Having a well-known landmark in your country declared a UNESCO World Heritage Site is something to be proud of. It is a way of acknowledging that your country has a unique and beautiful culture that is worth sharing to the rest of the world.
Norway has eight of these World Heritage Sites. Each one is spectacular in its own right. And they are worth seeing at least once in your lifetime. Norway’s eight World Heritage Sites are:
Year included: 1979
Bryggen is a wharf in the city of Bergen, located on the eastern side of the Vågen Harbor. It is famous for its colorful, postcard-perfect line of gabled buildings directly facing the harbor. Today’s locals and visitors enjoy the shops, cafes, museums, and restaurants that now call these buildings home. But in centuries past, these buildings formed the Norwegian center of the Hanseatic League.
The Hanseatic League was a powerful alliance of German merchants and their guilds established in the late 1100s. In its early days, the League served to promote and protect the interests of its members. At the peak of its power, the League controlled trade on the waters of Northern Europe and the Baltic. The League established a number of trading centers around Europe, and Bryggen was among them.
The League came to Bryggen in the 1350s to establish an office there. These Germans took over this part of Bergen and made it their own. Bryggen was where they lived and worked, and where they stored merchandise from the northern part of Europe to be traded elsewhere. The League occupied Bryggen until 1754.
Today, the buildings of Bryggen are among the few remaining relics proving that the Hanseatic League existed in this part of Europe. A lot of these buildings date back only to the 1700s. A great fire razed the area back then. Many of the buildings were demolished after that fire. However, many were also rebuilt to resemble their originals as closely as possible.
When you visit Bryggen, one of the points of interest you shouldn’t miss is the Bryggens Museum. There you can learn more about the history of Bryggen, as well as view the famous medieval Bryggen inscriptions. You should also visit the Hanseatic Museum, a time capsule that has preserved two trade houses as they were in the 1700s. Visiting this museum gives you a glimpse into the working and living conditions of German Hanseatic merchants during that time. Another must-see is St. Mary’s Church, Bergen’s oldest building that dates back to the 1100s.
Urnes Stave Church
Year included: 1979
Norway’s stave churches are marvelous. Not only are they breathtaking in their majesty, but they are also technological wonders for their time. Stave churches are medieval cathedrals. But they are not like your typical Gothic or Romanesque cathedral built during the same era. Gothic and Romanesque cathedrals are masterworks of stone and glass. While stave churches follow the same basilica plan, the difference is they are made entirely out of wood – from their soaring roofs to their floors. And stave churches are only found in Norway.
Norway had over a thousand of these stave churches erected during the Middle Ages. Of these, only 28 have survived. The Urnes Stave Church, located in Luster in Sogn og Fjordane, is the oldest of them. It was built around 1130.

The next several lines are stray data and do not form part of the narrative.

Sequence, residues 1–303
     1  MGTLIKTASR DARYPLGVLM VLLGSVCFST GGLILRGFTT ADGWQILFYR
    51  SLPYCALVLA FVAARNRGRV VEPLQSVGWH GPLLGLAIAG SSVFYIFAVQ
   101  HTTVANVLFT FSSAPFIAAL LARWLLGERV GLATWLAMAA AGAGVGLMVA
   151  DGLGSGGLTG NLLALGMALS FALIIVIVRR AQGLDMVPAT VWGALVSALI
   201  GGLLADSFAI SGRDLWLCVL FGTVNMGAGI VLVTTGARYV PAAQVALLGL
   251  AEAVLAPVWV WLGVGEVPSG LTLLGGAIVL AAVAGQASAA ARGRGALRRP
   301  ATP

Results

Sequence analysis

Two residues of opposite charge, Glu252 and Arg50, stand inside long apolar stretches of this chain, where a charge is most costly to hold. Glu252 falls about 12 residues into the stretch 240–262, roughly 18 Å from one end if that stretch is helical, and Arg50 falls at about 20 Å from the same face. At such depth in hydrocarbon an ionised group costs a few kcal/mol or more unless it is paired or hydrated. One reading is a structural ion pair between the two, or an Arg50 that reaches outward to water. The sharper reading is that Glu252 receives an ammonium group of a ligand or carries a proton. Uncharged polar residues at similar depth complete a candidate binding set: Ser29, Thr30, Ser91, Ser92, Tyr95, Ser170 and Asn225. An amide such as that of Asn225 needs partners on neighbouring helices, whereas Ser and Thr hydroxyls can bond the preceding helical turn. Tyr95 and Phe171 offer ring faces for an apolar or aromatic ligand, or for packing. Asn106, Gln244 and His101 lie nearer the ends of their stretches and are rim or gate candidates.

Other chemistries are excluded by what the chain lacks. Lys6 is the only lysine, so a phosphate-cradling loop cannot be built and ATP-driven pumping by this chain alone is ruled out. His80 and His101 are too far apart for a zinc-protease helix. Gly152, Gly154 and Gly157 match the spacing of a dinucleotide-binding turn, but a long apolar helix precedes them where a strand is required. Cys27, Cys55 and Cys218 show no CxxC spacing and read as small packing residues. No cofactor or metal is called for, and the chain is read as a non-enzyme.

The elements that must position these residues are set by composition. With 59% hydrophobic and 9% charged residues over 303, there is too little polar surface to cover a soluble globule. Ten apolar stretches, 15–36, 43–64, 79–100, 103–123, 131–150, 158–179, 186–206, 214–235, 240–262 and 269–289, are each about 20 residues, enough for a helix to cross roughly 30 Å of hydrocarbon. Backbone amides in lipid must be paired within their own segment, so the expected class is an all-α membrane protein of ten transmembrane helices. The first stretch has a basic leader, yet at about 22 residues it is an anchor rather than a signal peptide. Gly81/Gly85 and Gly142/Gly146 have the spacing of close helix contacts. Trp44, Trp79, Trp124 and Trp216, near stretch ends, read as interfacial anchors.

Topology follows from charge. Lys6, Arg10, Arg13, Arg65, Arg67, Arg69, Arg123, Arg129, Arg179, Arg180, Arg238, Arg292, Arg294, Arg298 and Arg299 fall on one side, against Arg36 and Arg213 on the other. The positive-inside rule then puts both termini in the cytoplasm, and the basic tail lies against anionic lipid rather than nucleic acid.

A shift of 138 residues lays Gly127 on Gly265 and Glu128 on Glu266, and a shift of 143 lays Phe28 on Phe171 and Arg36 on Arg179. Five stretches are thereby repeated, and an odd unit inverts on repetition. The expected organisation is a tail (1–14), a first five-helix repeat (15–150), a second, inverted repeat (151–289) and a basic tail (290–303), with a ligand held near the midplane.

The Urnes Stave Church was actually built above the remains of three older churches. Archaeologists have discovered that a hundred years have passed between when the first church was built to the time of the current one. Some of the materials and decorations from its predecessors were used on the present Urnes church.
The fact that it remains standing after hundreds of years makes Urnes Stave Church noteworthy. But what makes it truly significant is its ornate decoration. Urnes is poetry in wood. It combines standard Christian church art and architecture of the time with traditional Viking animal art. Because of the distinctiveness of the church’s artwork, similar contemporary artworks found in Scandinavia have now come to be called Urnes-style Viking art.
Røros Mining Town and the Circumference
Year included: 1980
One can say that the existence of the Røros Mining Town and the Circumference is a testament of endurance. Despite the harsh mountain climate, the town’s relative isolation, and the lack of forested and arable land, the old town of Røros survived. More than that, Røros thrived and became one of only two important mining towns in 17th-century Norway.
The mining town of Røros extracted copper from the mountains from 1646 to 1977. It was established by the Røros Copper Works, which employed local Norwegians as well as German, Swedish, and Danish immigrants. The mining town contains some 2,000 buildings and a house for smelting. When Sweden invaded the area during the Scanian War in 1678, Swedish soldiers razed Røros to the ground. It was completely rebuilt after the war, and the town stands to this day.
The Røros Mining Town and the Circumference provides a glimpse into what life in a thriving 17th-century mining town looked like. Its buildings are well-preserved and even sport blackened facades. All the facilities used in the town’s mining operations – the smelters, the water management systems, and the transport systems – still exist. The town exemplifies how a community can adapt to its environment to address its needs and grow successfully.
Rock Art of Alta
Year included: 1985
Prehistoric rock art offer clues to the way our ancestors lived and saw the world thousands upon thousands of years ago. Each piece of rock art tells its own story about the people who created it and the times they lived in. In the municipality of Alta, the Rock Art of Alta indicates that the area was once home to a large settlement of hunter-gatherers. The rock art they left behind shows that these hunter-gatherers hunted and fished for their living. They had their own beliefs and rituals. They danced, feasted, and loved.